About the Artist
Virginia L. Montgomery (VLM) is a metaphysical, multimedia artist working across video, performance, sound design, and sculpture. Her synthesia-esque, surrealist artworks unite elements from mysticism, science, and her own lived experience as a neurodivergent individual. Her artwork explores the philosophical praxis of atomic consciousness via recursive symbols like circles, holes, spheres, and the faux eye-spots seen on moth wings. Her artistic efforts are characterized by material experimentation, somatic sensitivity, and her unusual studio practice of hand-raising the moths and butterflies seen in her videos. VLM’s diverse artistic movements interrogate the complex relationship between physical and psychic structures via uncanny gestures of agency, intimacy, empathy, and healing. VLM also holds a parallel career as a visual ideation scribe, a Graphic Facilitator, a unique profession for which she travels the world to diagram the development of ideas at generative group meetings like TED talks, DEI events, and innovation conferences. In her work as a fine artist, VLM turns this professional skill-set, which she describes as “mind map scribing,” inwards, to render the contours of her own subconscious and reveal insights from her healing world of dreams. Collectively, VLM’s symbols, forms, subjects, and gestures rupture material surfaces, opening up portals into the hope of atomic healing. VLM has had solo presentations with The Tate Modern (United Kingdom), New Museum (NY), Times Square Arts (NY), Museum Folkwang (Germany), Wright Lab at Yale University (CT), The Lawndale Art Center (TX), False Flag (NY), and Hesse Flatow (NY). She has also exhibited in group exhibitions at institutions including SculptureCenter (NY), La Panacée-MoCo (France), The Hessel Museum at Bard College (NY), The Banff Centre (Canada), Socrates Sculpture Park (NY), The Blanton Museum (TX), The Contemporary Austin (TX), CCA Tel Aviv-Yafo, Tel Aviv, Israel, and Kunsthal Charlottenborg (Denmark), among others.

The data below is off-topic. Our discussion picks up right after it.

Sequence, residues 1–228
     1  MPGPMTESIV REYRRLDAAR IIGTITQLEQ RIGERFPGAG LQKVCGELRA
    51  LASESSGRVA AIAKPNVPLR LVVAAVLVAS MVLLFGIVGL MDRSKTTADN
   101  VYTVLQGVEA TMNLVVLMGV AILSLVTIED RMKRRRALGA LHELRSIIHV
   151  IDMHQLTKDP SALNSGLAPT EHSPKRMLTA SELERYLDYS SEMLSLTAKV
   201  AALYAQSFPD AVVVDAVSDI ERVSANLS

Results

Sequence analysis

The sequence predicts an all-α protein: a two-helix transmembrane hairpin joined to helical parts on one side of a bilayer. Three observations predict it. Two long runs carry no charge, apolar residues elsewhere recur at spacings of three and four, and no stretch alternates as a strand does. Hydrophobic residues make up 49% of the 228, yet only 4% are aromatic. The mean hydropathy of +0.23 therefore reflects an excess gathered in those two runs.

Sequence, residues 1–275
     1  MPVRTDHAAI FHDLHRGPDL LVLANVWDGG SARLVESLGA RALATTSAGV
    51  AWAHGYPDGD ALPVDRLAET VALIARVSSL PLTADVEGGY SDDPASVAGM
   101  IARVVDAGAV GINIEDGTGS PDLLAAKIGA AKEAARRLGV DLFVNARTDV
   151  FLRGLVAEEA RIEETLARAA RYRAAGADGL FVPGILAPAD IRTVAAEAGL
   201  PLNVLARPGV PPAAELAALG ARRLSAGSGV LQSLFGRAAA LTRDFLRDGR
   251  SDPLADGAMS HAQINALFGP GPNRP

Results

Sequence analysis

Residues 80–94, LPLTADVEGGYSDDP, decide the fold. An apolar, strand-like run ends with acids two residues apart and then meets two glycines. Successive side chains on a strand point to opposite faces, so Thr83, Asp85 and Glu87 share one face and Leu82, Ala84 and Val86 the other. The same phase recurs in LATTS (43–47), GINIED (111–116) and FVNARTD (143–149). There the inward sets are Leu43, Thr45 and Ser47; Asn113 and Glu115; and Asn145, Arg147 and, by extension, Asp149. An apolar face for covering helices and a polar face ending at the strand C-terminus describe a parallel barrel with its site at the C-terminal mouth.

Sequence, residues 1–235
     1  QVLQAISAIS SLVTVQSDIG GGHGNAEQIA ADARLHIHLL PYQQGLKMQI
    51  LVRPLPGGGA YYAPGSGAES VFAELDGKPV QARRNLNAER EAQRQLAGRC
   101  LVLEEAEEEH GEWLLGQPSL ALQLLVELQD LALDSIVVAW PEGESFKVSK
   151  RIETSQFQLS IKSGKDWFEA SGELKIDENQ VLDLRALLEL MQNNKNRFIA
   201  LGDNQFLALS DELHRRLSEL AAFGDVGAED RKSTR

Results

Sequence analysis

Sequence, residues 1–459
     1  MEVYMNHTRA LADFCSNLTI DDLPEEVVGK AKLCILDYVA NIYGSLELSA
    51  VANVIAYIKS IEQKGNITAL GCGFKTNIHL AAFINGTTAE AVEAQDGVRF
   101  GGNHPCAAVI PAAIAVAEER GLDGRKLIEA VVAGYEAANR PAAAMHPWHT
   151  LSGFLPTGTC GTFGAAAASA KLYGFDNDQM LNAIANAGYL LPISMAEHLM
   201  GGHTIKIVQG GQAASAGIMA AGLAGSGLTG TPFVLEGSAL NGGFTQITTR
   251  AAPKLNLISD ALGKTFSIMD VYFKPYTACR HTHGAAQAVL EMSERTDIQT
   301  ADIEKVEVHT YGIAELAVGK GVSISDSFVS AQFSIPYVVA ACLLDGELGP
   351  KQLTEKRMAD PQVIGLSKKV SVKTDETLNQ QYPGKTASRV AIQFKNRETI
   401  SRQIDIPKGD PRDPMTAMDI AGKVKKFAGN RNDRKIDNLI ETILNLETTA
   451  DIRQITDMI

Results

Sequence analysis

About Women & Their Work
Women & Their Work fosters the artistic growth of women artists by encouraging them to make new, adventurous work and develops audiences for whom contemporary art is meaningful. Our mission is to ensure that diverse women artists are equitably represented in all forms of art. For 45 years, Women & Their Work has been a cornerstone of the Austin arts community and has actively developed the careers of more than 2,000 women artists, presenting hundreds of visual art exhibitions, music, dance and theater events, film festivals and education programs. Nationally recognized for the quality of its work, Women & Their Work has played an important role in the development of the visual and performing arts in Texas.”
Reception: October 7, 2023 | 7–9 pm
1311 East Cesar Chavez Street
Austin, 78702 TexasGet directions